- Pain was just an illusory sensation that his mind could shut down if it needed to, he told himself. Put it aside.
- Paralyzes vocal cords with a strike to the neck
- Box ears to break their ear drums
- Banged together the heads of his two helpers. It sounded like a bat hitting a baseball.
- He had a knife. I moved away from him. He was stronger than Ichabod and had a knife. He started toward me. I had my gun in an ankle holster but I didn’t want to start shooting in the middle of the street if I didn’t have to. I took another step back and slid my belt out of my pant loops. I looped it around my left hand so that the buckle end swung loose
- Multiple small incisions on the thighs, all just splitting the skin. He’d then applied the salt
- Bullets tore through the door, sending splinters flying.
- Windows shattered, spewing glass shards everywhere
- Bullets gouging the walls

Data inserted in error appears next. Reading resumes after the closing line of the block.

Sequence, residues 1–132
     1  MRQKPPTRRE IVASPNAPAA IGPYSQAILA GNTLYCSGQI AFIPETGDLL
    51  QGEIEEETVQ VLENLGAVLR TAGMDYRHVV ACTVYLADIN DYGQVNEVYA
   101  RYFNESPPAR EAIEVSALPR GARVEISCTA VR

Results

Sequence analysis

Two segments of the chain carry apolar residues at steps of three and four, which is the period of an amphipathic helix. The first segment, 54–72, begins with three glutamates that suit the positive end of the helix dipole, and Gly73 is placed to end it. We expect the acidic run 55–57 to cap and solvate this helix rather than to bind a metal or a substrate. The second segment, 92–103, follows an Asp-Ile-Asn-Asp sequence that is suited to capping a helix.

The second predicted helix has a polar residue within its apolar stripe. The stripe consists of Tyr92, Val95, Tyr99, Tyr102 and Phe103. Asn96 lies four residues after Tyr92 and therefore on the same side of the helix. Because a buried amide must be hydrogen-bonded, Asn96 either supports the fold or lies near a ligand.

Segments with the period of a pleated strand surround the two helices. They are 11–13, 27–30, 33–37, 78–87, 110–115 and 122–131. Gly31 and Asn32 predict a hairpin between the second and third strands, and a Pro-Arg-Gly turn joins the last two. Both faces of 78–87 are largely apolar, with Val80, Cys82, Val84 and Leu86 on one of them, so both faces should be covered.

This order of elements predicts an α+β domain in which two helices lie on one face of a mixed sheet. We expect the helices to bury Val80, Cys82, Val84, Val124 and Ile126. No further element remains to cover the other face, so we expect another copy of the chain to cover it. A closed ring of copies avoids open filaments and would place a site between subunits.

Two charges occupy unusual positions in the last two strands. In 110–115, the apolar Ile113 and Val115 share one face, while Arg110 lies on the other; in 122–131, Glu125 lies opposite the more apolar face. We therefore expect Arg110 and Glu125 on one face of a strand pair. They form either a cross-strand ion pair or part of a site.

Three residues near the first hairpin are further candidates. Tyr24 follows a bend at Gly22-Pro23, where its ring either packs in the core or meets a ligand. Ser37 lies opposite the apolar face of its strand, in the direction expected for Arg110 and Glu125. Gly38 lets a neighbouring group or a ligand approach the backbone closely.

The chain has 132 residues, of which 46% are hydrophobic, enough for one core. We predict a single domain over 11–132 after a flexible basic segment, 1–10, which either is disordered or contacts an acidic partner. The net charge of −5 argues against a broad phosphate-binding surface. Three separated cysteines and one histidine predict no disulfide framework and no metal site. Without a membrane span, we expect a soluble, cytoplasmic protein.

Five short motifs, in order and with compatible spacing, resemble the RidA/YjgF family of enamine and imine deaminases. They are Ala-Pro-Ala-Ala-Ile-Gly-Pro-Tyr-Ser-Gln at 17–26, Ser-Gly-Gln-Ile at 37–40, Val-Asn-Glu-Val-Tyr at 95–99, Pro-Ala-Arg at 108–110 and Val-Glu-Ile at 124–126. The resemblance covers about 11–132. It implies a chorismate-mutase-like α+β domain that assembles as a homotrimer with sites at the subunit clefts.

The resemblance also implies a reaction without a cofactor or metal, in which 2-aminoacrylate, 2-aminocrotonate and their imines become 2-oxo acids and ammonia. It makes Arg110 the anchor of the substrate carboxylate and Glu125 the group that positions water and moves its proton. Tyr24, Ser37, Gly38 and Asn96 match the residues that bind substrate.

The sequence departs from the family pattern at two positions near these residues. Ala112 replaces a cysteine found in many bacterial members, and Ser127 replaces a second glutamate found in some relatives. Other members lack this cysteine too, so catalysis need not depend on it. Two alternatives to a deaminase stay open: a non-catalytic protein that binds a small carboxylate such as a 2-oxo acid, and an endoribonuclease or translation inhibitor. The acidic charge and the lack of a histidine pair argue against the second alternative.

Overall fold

- Spray of bullets tore through the line of front windows, striking a side wall, shattering a beautiful gilded mirror
- The man had seen Jack’s shadow, seen awhisper of movement and dove to the ground. Jack’s bullet went tinto a tree and spewed up a whirlwind of leaves
- Ignoring the pain in his thigh, the blood seeping from the cut in his left arm and tried to move as quickly and quietyly as possible
- Shoot the smell off a skunk at a hundred yards
- Some were home by now having their first drink before dinner. Maybe looking at the paper. Probably none of them were planning to shoot it out with a bunch of sociopaths.
- He lunged for Pike’s gun, but Pike rolled his hands down and away with a minor wing chun deflection, and snapped the Python up hard into the bottom of the man’s chin, popping his jaw like a rat trap. The Python flicked again, and this time, Pike hit him in the Adams’ apple. The bagman clutched at his throat, choking. His face turned bright red